You can enjoy the outdoors even on a small budget. For most outdoors endeavors, the gear don’t have to be expensive or high-end quality. Although there are situations where you can’t compromise quality, for example, snow camping.
One of this sites objectives is to show how you can save money by means of acquiring used gear, or even make your own gear, and exlpain when it is better to buy new and higher quality gear.
I am hoping to add such content later, over time, but in this article, I am just going to share my experience buying a used sleeping bag.
Choice of sleeping bags depends on where and how you plan to use it. For a backyard-, or drive-in tenting, you would do fine purchasing a new roomy and warm sleeping bag for a decent price. And it doesn’t even have to be a warm sleeping bag since you can bring extra blankets to keep you warm.
But for backpacking you are limited to the light-weight sleeping bags, and any of the better ones are going to be expensive.
If you purchase a new several hundred dollar sleeping bag, rated for cold weather, then you are all set. In a high-end sleeping bag, you can be sleeping right out there in the snow, and you will stay warm. If you can afford it, it is definitely worth it!
Here in Southwest Washington mountains, at a typical camping elevation of around 4000 feet, it rarely goes below 10F. The store brand sleeping bag I purchased for less that $50 from a sporting goods store, is rated for 0F, but I wouldn’t trust it for that low temperatures. But it does keep me plenty warm at around freezing temperatures.
So what about used sleeping bags? Here is my experience buying a used synthetically insulated sleeping bag: The other day I found an old cold-weather mummy-style sleeping bag at our local Goodwill store, for $10 dollars. It was a REI brand, and I could tell it was a high end sleeping bag. But it didn’t have any labels with any kind of information, and I couldn’t find anything about it on the Internet. I contacted REI, and here is part of their response:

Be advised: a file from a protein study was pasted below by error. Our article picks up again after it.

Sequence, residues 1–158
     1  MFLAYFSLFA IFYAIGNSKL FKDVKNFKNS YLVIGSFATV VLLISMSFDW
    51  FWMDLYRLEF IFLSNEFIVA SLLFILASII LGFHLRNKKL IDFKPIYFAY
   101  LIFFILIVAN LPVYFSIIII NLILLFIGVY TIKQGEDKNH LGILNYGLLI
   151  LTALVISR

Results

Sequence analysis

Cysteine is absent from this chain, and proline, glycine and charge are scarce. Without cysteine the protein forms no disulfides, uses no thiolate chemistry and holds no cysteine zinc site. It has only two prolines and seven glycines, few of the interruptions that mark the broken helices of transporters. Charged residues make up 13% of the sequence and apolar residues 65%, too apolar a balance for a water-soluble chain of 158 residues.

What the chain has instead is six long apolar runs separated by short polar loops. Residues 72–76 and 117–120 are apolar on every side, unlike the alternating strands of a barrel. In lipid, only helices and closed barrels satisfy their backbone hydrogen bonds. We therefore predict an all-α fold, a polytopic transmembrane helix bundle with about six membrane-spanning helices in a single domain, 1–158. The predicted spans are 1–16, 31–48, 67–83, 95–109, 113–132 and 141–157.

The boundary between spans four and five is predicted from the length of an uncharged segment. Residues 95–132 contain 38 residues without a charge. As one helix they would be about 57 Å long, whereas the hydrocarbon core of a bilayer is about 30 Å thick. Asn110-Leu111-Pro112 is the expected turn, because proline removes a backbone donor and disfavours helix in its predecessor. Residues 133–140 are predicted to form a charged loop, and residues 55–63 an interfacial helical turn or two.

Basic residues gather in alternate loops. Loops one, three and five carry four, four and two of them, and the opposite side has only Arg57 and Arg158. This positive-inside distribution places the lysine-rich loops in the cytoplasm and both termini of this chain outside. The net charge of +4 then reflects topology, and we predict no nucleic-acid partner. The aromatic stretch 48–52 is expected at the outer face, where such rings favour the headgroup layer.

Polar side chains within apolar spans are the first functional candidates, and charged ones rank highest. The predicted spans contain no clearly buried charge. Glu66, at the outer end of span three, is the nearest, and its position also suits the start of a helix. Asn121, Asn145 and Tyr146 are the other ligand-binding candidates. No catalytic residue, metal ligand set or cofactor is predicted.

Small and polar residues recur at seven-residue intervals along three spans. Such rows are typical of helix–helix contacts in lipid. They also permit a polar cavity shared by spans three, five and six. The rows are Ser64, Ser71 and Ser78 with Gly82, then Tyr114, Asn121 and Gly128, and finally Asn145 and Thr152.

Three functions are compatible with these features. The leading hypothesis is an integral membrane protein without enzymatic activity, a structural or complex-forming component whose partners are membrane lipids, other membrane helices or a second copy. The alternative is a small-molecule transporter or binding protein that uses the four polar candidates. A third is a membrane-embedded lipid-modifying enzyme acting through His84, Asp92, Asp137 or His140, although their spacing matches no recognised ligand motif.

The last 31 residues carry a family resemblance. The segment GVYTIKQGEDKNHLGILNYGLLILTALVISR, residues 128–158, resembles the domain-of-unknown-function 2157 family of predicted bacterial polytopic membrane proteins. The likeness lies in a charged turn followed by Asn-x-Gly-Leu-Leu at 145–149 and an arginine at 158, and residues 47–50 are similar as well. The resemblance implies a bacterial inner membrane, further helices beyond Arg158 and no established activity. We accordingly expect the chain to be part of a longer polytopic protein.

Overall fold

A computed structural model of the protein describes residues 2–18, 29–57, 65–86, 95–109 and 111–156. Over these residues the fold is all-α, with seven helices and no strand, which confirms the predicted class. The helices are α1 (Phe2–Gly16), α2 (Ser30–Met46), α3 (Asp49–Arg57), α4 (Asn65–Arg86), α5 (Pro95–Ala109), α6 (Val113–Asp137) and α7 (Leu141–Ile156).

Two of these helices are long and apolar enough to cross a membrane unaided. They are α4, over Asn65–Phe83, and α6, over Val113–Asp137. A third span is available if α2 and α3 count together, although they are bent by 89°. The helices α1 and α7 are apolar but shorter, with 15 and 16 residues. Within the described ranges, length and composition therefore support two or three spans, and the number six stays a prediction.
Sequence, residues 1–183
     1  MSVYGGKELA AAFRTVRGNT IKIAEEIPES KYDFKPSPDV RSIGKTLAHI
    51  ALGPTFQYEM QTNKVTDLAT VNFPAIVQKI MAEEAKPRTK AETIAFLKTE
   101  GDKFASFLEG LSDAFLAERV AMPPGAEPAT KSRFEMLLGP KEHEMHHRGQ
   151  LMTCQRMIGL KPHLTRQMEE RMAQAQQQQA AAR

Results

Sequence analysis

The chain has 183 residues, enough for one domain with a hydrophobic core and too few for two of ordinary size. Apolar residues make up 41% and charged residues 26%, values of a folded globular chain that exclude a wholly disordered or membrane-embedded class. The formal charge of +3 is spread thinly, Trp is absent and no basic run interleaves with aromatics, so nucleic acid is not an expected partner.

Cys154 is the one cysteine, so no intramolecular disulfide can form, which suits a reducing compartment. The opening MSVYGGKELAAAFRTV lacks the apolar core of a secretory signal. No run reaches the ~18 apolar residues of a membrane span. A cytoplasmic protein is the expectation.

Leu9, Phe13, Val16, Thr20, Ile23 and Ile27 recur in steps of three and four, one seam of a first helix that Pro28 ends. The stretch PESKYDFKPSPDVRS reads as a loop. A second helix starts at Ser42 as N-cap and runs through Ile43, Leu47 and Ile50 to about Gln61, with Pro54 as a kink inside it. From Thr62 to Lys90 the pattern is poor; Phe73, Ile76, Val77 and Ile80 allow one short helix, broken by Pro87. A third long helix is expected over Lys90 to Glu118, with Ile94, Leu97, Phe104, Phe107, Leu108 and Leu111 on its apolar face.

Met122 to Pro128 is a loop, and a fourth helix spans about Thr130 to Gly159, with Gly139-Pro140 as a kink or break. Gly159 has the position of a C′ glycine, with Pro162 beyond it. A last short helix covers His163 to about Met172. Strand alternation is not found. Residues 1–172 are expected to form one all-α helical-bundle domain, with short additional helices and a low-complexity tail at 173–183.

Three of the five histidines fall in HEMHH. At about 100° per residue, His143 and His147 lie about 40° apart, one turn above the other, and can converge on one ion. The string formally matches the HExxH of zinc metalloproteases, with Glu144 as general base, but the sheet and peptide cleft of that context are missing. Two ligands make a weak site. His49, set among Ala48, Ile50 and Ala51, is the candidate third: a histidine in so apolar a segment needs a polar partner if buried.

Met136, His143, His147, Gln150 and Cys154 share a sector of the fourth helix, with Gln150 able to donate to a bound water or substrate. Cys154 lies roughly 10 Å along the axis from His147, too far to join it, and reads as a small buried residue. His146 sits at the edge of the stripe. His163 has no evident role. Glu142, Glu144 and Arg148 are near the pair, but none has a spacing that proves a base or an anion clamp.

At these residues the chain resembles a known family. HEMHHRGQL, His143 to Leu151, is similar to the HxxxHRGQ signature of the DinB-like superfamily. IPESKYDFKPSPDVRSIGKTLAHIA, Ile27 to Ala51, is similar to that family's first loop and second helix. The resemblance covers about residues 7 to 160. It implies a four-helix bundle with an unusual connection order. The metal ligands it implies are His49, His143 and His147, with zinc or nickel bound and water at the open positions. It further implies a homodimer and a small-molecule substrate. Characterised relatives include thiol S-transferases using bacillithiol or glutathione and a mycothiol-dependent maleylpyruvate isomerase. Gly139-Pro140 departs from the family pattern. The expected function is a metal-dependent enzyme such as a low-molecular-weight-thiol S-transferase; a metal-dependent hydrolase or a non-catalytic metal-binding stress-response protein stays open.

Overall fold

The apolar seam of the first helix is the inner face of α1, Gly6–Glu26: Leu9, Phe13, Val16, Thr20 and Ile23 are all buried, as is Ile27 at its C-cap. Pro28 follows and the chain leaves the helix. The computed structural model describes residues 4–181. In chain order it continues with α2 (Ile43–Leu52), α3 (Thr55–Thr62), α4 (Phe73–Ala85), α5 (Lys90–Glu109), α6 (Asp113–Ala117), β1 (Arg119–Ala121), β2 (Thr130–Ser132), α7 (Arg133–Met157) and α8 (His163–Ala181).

“From the photos, it appears to be a REI K2 Expedition Sleeping from 1979. At the time it was comfort rated to -25 degrees Fahrenheit, although this will have changed significantly in the last 30 years (synthetic insulation breaks down fairly quickly; after five years of moderate use, the synthetic fibers are no longer able to provide the loft they could when new).”
That was a really interesting reply! So even if it was rated at -25F, it won’t perform that well today. I did use it in an igloo last winter. It was below freezing in the igloo, but I still stayed plenty warm. But it is heavier than my department store sleeping bag, so I might prefer the new, lighter weight bag.
The sleeping bag was washable, so I ran it through our heavy-duty washer and dryer, before using it the first time.
In conclusion, I do recommend that you buy a new, even a lower priced, sleeping bag, rather than a used one, only because the breakdown of the synthetic material over time. On the other hand, if you are on a very tight budget, a used sleeping bag for a few bucks works too, as long as you wash it, and you know how well it still insulates. Try it out in the backyard, so you won’t have any surprises once you are out there in the back-country!
Well, if you find a used sleeping bag insulated with down, then, I assume, it would be a very good purchase! I don’t think the down material loses its insulation rate the way synthetic insulation does.